Problems with attention can make focusing and concentrating more difficult for your family member. Ensuring an environment that is not overly busy or noisy will make it easier to pay attention. Multi-tasking can be particularly difficult. Individuals with vascular dementia might have an easier time completing tasks when they focus on a single activity at a time, instead of dividing their attention between multiple tasks.
Changes in mood and personality can accompany cognitive changes in vascular dementia, and often, these changes are the most distressing for caregivers. Approaching these behaviors with the understanding that they are a result of changes in the brain, as opposed to a choice that a healthy person would make, can help guide how to best respond and manage them. Some specific tips include:
- Identify possible reasons for the behavior change. Examine the situation to determine if there was some behavioral trigger or antecedent to the change. For example, consider when, where, with whom, and what the person with dementia is being asked to do. This may promote a deeper understanding of their response/reaction and help you identify ways to calm the individual and decrease future disruptions. Keep in mind that the person may be less capable of expressing their distress adequately if they are experiencing pain or discomfort. Caregivers can often use the individual’s behaviors as indications of distress.
- Consideration of safety concerns can guide your response. While many behaviors can be distressing and bothersome for caregivers, they are not necessarily a safety risk for someone with vascular dementia. Alternatively, some behaviors can be potentially dangerous for the individual with vascular dementia and/or the caregiver. For example, aggression and wandering may require immediate intervention, such as installing locks on the door and developing a safety plan. Disruptive but not dangerous behaviors, such as repetitive questioning or pacing, may respond to a softer approach, such as engaging in another activity as a distraction.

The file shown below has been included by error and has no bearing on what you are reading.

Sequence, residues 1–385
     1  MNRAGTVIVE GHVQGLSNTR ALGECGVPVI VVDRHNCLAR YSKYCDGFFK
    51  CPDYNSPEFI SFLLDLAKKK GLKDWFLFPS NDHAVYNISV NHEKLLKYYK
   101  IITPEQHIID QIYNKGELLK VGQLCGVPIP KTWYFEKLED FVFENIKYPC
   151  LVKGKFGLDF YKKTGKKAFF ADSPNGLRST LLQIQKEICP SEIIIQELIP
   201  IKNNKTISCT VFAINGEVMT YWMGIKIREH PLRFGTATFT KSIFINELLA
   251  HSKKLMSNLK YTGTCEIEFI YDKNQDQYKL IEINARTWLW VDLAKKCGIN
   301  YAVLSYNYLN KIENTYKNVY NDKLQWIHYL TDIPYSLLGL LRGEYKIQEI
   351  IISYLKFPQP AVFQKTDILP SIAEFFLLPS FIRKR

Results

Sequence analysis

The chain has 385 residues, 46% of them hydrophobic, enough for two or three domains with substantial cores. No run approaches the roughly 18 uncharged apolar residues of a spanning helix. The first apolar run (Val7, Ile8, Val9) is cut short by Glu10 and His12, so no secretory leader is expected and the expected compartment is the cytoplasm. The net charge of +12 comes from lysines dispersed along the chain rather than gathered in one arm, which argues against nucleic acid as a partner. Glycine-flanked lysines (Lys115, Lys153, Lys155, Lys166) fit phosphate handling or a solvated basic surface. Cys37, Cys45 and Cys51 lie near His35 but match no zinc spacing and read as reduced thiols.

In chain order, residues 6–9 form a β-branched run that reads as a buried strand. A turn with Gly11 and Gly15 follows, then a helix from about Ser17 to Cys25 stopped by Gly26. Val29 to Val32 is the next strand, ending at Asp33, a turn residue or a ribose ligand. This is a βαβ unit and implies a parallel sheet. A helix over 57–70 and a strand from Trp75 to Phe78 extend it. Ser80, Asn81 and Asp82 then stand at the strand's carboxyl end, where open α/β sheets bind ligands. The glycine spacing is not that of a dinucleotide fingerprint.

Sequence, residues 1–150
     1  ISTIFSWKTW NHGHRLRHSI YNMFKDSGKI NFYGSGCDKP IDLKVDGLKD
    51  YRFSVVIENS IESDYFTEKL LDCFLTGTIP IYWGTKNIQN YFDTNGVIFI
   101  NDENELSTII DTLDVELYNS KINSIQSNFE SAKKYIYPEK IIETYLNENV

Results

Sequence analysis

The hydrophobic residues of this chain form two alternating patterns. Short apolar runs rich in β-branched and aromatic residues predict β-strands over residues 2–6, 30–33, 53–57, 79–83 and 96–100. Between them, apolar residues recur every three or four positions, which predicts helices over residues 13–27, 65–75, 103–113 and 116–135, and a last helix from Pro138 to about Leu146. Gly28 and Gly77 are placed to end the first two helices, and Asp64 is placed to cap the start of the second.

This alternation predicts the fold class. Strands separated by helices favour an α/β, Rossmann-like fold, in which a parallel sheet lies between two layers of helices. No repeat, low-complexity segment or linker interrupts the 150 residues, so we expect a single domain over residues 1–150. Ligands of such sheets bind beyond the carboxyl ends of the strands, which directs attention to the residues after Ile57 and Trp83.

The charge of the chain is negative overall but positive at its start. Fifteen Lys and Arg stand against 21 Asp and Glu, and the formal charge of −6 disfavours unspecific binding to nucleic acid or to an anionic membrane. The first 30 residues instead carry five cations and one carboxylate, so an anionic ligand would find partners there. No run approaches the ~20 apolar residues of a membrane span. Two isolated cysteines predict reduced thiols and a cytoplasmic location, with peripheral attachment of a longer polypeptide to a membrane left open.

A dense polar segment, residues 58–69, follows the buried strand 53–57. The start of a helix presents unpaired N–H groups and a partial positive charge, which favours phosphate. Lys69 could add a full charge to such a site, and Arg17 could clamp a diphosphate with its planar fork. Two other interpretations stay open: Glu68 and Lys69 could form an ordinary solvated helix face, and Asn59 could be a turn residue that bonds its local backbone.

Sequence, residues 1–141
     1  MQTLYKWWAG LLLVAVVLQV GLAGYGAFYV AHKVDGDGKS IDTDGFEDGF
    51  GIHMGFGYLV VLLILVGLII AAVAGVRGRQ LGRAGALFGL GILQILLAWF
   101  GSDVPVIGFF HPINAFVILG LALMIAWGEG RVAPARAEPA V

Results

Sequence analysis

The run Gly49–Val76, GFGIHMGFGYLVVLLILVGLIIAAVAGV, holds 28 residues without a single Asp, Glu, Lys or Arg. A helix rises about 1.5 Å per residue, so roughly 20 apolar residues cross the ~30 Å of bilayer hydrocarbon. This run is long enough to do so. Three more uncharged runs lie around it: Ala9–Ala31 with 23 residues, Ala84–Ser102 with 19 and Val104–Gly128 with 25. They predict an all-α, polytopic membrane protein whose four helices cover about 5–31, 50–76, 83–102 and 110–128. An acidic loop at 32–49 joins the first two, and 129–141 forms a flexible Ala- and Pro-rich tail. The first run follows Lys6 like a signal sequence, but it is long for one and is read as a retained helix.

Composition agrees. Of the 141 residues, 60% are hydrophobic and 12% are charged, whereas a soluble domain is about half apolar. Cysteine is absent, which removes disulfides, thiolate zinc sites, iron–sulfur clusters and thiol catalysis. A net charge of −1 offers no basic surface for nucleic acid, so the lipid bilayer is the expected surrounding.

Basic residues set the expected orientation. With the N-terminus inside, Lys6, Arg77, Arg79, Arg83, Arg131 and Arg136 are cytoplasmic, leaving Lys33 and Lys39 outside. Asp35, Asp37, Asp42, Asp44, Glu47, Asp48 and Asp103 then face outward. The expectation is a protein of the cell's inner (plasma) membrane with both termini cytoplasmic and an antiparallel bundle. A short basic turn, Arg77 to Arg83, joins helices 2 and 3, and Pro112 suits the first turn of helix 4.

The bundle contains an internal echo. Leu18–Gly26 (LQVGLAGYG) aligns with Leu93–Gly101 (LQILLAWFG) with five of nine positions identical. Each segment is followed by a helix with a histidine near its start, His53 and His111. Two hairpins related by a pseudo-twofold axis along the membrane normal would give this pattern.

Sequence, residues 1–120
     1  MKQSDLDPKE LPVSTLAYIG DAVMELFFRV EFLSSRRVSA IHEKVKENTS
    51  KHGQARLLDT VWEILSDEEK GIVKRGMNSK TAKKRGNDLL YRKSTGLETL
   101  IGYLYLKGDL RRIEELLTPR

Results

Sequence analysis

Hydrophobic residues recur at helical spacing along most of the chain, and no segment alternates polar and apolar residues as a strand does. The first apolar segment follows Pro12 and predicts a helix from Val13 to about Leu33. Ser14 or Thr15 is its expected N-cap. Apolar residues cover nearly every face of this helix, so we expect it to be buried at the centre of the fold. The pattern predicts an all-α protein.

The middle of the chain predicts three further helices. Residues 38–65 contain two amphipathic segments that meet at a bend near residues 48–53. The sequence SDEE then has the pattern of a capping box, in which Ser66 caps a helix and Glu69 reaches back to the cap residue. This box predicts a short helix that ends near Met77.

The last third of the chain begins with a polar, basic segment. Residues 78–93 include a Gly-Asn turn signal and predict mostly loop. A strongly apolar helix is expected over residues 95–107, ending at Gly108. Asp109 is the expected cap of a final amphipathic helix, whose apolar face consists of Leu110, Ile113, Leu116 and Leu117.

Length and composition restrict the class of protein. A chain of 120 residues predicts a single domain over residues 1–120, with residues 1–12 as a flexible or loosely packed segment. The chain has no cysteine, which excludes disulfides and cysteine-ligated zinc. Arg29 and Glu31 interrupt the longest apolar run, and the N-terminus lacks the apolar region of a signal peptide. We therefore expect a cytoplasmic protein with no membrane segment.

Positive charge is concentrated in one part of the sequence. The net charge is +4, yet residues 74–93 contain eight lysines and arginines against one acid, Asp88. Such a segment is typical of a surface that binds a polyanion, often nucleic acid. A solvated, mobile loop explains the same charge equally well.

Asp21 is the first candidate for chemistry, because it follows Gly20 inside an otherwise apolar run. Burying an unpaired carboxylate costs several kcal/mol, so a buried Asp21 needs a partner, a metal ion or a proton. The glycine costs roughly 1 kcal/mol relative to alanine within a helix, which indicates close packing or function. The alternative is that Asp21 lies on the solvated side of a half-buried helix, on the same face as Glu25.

- Practice patience, acceptance, and flexibility. Remember that emotional outbursts and personality changes are due to underlying brain disease and are not a deliberate response or reaction to you as the caregiver. When behavior problems become overwhelming to the family, it’s critical to seek out support. Caregiver support groups are helpful, offering a space to vent, grieve, and gain practical advice from others who are experiencing similar challenges. Exploring other sources of respite, such as adult day programs, can also be beneficial, both for the individual and for caregivers.
Family Caregiver Alliance
National Center on Caregiving
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Family Caregiver Alliance (FCA) seeks to improve the quality of life for caregivers through education, services, research, and advocacy. Through its National Center on Caregiving, FCA offers information on current social, public policy, and caregiving issues and provides assistance in the development of public and private programs for caregivers. For residents of the greater San Francisco Bay Area, FCA provides direct family support services for caregivers of those with stroke, Alzheimer’s disease, ALS, head injury, Parkinson’s, and other debilitating health conditions that strike adults.
FCA Fact and Tip Sheets
A listing of all FCA fact and tip sheets is available online at www.caregiver.org/fact-sheets.
Caregiver’s Guide to Understanding Dementia Behaviors
Caregiving at Home: A Guide to Community Resources
Dementia, Caregiving, and Controlling Frustration
Dementia: Is This Dementia and What Does It Mean?
Hiring In-Home Help
Home Away from Home: Relocating Your Parents
Mild Cognitive Impairment (MCI)
Ten Real-Life Strategies for Dementia Caregiving
Hospital Discharge Planning: A Guide for Families and Caregivers
Other Organizations and Links
National Stroke Association
The National Stroke Association provides education, information and referral, and research on stroke for families, health care professionals, and others interested in or affected by stroke.
American Stroke Association
The American Stroke Association offers information and sponsors programs and support groups throughout the nation for stroke survivors and family members.
American Heart Association
The American Heart Association provides public health education to community members, healthcare professionals, and to lawmakers and policymakers.
National Institute of Neurological Disorders and Stroke
The National Institute of Neurological Disorders and Stroke supports and performs basic, translational, and clinical neuroscience research through grants-in-aid, contracts, scientific meetings, and through research in its own laboratories, and clinics.
This fact sheet was prepared by Deborah Cahn-Weiner, Ph.D., ABPP and Anneliese Radke, Psy.D. of the Uuniversity of California Davis Alzheimer’s Disease Center. © 2018 Family Caregiver Alliance. All rights reserved.